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Must we improve our streets?
Jack Balshaw 6/6/01

A recent article indicated that Petaluma has the lowest rating of any city in the Bay Area on the physical condition of its streets.  It’s not clear whether this rating was the result of a complete engineering survey or of only a “windshield” survey sample of streets.  Either way, it should cause us to consider how things got this bad and to discuss solutions.

Streets can deteriorate unnoticed because it’s easy to ignore them for a long period of time.  They have a tendency to perform adequately for 25 to 40 years with little sign of distress.  Then, all of a sudden, a few nuisance pot holes swell into whole lengths of cracked and failing pavements. Normally, this wouldn’t be a major problem.

However, because Petaluma had a spurt of development on the east side starting 35 years ago, there are an inordinate number of arterial and collector streets deteriorating at the same time.  This causes the city to experience a high mileage of streets needing attention all at once and is the primary cause of our problem.  That and a program of deferred (i.e. neglected) maintenance in recent years.

The alternative solutions aren’t many.  Significantly larger sums of money than have been available annually will have to be made continually available for a decade.  This isn’t something that can be accomplished by simply diverting city funds from other present uses for a few years.  It will take a long term solution, probably an extensive bond issue or a citywide assessment district.

But, if the citizens are expected to pass such a bond, they need assurance that improvements will be made city wide on an equitable basis. Other cities in similar situations have provided their residents with a list of streets and the order in which they would be reconstructed. Perhaps our city staff should make such a list public now and not wait until 90 days before the election.

Streets to be reconstructed with the new funds should be listed separately from streets that will be rebuilt to higher standards or provided with additional auto or bicycle lanes.  Any bond issue for deferred maintenance shouldn’t be a vehicle to provide upgrades and amenities that weren’t thought necessary when streets were originally constructed. Additionally, it should be shown that regular maintenance money won’t be diverted from street repair.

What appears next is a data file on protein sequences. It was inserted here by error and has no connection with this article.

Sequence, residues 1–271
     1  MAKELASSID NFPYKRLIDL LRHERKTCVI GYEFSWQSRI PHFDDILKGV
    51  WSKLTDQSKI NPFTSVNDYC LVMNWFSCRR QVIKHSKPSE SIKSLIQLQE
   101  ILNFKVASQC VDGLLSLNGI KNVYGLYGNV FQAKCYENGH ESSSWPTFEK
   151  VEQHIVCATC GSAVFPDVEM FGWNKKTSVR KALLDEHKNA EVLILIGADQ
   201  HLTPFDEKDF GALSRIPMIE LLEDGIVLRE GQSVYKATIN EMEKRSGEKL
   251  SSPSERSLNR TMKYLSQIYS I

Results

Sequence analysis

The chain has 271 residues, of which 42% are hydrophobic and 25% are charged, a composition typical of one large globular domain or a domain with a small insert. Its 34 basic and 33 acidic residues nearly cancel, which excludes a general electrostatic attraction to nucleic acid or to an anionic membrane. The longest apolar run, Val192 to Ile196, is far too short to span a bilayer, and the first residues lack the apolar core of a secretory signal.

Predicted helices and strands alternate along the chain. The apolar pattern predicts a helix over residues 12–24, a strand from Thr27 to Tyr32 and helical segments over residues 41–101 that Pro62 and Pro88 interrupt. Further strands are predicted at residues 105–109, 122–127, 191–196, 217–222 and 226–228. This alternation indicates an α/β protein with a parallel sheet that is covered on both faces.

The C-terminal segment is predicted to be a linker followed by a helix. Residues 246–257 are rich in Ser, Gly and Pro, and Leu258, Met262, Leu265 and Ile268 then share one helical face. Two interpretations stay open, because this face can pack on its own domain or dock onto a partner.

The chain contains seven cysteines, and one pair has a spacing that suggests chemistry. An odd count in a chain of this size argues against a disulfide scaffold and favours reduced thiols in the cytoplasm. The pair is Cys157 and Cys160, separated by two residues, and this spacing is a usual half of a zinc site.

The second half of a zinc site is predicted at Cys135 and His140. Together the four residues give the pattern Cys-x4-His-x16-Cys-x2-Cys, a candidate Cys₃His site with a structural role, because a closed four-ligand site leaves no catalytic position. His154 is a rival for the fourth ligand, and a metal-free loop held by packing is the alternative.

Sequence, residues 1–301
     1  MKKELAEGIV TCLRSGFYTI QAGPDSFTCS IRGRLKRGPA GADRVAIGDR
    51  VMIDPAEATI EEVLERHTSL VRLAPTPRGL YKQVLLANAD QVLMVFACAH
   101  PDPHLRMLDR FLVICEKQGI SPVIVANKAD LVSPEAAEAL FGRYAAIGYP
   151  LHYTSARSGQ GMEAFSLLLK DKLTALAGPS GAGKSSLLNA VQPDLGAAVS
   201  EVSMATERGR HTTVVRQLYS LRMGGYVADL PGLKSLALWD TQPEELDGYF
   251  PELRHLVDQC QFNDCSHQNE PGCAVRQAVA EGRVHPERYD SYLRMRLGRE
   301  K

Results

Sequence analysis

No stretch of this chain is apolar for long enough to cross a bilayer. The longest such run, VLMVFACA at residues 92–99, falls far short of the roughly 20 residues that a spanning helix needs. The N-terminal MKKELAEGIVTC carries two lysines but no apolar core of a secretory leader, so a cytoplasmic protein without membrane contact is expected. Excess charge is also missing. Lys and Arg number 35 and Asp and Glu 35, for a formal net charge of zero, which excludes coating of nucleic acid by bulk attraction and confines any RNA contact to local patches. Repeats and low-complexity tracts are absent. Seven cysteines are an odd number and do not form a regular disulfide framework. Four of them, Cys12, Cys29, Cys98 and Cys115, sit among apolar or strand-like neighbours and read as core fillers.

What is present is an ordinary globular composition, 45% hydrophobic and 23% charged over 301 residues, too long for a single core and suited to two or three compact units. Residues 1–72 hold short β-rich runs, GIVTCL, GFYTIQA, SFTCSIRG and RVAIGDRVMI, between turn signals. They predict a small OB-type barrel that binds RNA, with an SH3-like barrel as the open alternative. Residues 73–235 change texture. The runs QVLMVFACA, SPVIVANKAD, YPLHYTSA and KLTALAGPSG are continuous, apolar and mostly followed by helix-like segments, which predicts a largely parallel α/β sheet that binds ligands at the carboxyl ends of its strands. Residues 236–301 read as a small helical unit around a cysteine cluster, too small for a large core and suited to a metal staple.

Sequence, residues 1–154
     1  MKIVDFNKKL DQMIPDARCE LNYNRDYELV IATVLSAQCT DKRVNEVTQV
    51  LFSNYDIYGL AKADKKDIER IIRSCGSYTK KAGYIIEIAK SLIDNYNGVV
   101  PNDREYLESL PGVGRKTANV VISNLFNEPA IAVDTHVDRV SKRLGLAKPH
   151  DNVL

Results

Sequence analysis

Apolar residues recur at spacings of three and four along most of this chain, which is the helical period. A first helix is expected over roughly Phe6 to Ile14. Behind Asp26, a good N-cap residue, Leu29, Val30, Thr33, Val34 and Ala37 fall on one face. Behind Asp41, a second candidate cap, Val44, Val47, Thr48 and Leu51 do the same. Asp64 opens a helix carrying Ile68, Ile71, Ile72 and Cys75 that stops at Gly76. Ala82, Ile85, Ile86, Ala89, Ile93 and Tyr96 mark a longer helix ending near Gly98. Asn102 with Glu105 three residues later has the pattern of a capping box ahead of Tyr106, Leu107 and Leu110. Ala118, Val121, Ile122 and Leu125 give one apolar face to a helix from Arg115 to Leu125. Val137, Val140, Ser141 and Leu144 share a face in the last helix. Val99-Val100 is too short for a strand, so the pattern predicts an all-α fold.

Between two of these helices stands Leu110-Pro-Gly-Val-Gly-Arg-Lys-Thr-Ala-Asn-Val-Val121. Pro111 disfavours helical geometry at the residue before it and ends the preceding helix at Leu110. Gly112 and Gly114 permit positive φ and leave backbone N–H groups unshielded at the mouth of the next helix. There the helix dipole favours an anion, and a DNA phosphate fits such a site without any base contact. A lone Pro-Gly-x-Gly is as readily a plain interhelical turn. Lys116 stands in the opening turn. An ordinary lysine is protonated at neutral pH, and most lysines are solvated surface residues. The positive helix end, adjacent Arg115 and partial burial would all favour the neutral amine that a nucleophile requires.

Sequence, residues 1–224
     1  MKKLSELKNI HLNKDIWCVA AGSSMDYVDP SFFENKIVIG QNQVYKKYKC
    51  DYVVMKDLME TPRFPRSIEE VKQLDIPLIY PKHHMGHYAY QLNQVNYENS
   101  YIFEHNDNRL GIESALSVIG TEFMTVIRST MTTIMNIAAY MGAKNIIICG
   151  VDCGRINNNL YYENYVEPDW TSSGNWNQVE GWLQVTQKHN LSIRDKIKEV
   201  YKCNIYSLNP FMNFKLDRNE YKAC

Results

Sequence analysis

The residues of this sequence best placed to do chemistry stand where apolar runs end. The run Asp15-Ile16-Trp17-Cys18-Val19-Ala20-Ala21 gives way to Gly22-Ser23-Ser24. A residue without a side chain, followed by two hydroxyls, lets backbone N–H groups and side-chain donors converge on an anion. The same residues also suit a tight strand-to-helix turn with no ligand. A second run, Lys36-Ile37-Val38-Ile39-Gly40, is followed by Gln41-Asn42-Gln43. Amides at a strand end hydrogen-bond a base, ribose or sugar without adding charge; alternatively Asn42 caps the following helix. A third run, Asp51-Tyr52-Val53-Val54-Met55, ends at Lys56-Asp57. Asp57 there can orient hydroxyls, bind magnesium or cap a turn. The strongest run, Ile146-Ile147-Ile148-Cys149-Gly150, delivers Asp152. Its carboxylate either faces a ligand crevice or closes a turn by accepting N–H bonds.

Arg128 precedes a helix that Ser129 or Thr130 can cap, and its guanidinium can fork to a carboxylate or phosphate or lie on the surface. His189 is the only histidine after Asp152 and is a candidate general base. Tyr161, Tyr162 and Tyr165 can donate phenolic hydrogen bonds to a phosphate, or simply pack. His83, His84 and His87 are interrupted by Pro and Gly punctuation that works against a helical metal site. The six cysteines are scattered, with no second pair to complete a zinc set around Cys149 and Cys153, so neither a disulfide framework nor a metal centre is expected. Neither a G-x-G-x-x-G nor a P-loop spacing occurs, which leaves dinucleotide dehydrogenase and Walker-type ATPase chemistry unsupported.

A separate bond issue for new improvements could be placed on the ballot separately to allow citizens to objectively evaluate proposed modifications and improvements to the street system.

Elected officials and staff have two disturbing tendencies when given bond money to work with.  First, they want to take the existing money annually budgeted for similar ongoing work and divert it to other uses that fulfill their agendas.  The second tendency is to expand the use of  the new bond funds to undertake marginal but politically desirable “improvements”.  Locally, I could see street reconstruction bonds being used for beautification and bike lanes as such “improvements”.  School District’s are notorious for this, but city councils come in a close second.

If recent speculation that the City Council will put this on a special November 2001 election is true, they will be hard pressed to have much public education and input prior to the time they must approve amounts, priorities and spending safeguards in the final legislative language.  Without the proper safeguards,    improvements” could be stretched to include even the construction of Rainier.  As much as I support such construction, I believe that should be handled as a separate issue.      

I hope the public will be brought into the discussion early enough for there to be a full discussion of what will be done with any bond or assessment money.

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